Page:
Stepford students have been busy in recent years picking off targets from the past to vent their fury at. Cecil Rhodes in Oxford and Edward Colston in Bristol are the most high-profile victims of this attempt to wipe parts of posterity from the face of university campuses. Now, there is a new target: William Gladstone, the only man to have served as Britain’s Prime Minister on four separate occasions. Students at the University of Liverpool are demanding that Gladstone’s name is removed from a hall of residence. His crime? According to a petition, he is guilty of having benefited from the proceeds of slavery:
‘William Gladstone is known to have fought for reparations for slave traders like his father during the abolition of the trade, as well as not being in favour of the abolition.’
So although Gladstone didn’t own slaves himself – and indeed renounced his views on slavery later in life – the fact that his father did is enough to make him persona non grata in the eyes of some of today’s students. The petition goes on to say that:
‘We believe that someone with this controversial background should not have a university hall named after them especially in a city where we try hard not to forget the atrocities that took place on our docks.’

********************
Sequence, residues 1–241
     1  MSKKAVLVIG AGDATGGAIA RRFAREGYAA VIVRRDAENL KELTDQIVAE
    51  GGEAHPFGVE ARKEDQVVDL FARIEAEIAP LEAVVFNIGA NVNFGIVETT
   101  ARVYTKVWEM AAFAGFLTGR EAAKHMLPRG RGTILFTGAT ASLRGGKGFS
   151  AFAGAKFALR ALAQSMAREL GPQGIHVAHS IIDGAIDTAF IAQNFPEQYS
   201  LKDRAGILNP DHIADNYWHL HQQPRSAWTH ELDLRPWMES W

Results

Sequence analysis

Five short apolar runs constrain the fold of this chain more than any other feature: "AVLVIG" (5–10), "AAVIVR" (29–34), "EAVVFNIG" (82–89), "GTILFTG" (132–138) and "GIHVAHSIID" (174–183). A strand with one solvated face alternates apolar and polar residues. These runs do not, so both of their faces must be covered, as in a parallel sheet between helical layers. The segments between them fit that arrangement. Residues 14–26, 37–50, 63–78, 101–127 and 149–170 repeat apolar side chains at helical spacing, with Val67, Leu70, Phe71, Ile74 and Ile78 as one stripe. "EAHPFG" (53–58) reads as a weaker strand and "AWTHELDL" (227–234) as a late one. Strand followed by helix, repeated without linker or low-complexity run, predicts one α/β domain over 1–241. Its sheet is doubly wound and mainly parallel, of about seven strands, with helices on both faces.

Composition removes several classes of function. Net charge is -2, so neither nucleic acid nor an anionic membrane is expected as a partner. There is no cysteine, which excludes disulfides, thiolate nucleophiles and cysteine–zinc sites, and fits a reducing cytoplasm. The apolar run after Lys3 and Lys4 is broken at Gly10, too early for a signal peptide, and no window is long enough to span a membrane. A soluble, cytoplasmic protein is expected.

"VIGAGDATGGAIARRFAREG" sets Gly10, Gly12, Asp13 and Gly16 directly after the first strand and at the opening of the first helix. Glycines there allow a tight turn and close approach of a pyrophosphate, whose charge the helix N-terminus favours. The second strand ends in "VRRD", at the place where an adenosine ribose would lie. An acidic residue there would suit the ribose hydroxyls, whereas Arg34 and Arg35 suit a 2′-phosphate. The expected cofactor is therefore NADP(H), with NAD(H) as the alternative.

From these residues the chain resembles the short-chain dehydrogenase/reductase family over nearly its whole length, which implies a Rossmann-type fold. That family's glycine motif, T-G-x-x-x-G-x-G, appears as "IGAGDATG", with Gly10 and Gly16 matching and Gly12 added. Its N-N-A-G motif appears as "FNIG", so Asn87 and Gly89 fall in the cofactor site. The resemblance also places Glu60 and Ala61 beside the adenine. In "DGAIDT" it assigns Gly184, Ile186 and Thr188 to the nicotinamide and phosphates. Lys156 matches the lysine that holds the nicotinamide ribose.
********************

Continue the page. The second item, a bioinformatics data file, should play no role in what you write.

Of course, it’s true that Liverpool did indeed play a key role in the slave trade, but the petition’s author seems to miss a crucial point: there is little evidence that any atrocities actually took place on the docks.
What is worse about the petition than this apparent historical oversight, however, is the suggestion of who might replace Gladstone: Carol Ann-Duffy – or Jon Snow. Snow’s Channel 4 News appearances might make him a hit with today’s students, but do his achievements really compare with those of Gladstone?
Perhaps the greatest pity about these stories is that the views of the Stepford few are not widely shared on campus. Most students don’t jump on bandwagons such as this latest petition to remove Gladstone’s name. This petition, at time of writing, has drawn fewer than 70 ‘likes’ on the Guild’s website; people can’t even be bothered to sign their own names. But such is the outrage drummed up by the vocal few that all students are inevitably left to pick up the pieces.
There was a time when student outrage was directed at legitimate targets: the apartheid government in South Africa, for instance. Now, it’s old statues and the names of historical figures which are enough to stir up fury.
A politician whose father’s views were less progressive than those of his progeny is not a great cause for social justice. Taking offence at the name of a man, dead for over a century, adorning a building isn’t fighting injustice, it’s procrastination, and the students involved should question if this is a good use of their time.
Benedict Spence is a former student at the University of Liverpool and a freelance journalist